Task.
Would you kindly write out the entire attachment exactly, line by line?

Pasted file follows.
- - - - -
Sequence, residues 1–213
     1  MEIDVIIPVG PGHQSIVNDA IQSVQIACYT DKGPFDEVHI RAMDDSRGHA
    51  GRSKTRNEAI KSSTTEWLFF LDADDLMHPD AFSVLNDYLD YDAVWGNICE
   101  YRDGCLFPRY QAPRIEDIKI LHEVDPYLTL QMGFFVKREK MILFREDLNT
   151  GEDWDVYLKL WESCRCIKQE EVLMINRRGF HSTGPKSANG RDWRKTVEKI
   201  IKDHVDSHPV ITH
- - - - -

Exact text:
Sequence, residues 1–213
     1  MEIDVIIPVG PGHQSIVNDA IQSVQIACYT DKGPFDEVHI RAMDDSRGHA
    51  GRSKTRNEAI KSSTTEWLFF LDADDLMHPD AFSVLNDYLD YDAVWGNICE
   101  YRDGCLFPRY QAPRIEDIKI LHEVDPYLTL QMGFFVKREK MILFREDLNT
   151  GEDWDVYLKL WESCRCIKQE EVLMINRRGF HSTGPKSANG RDWRKTVEKI
   201  IKDHVDSHPV ITH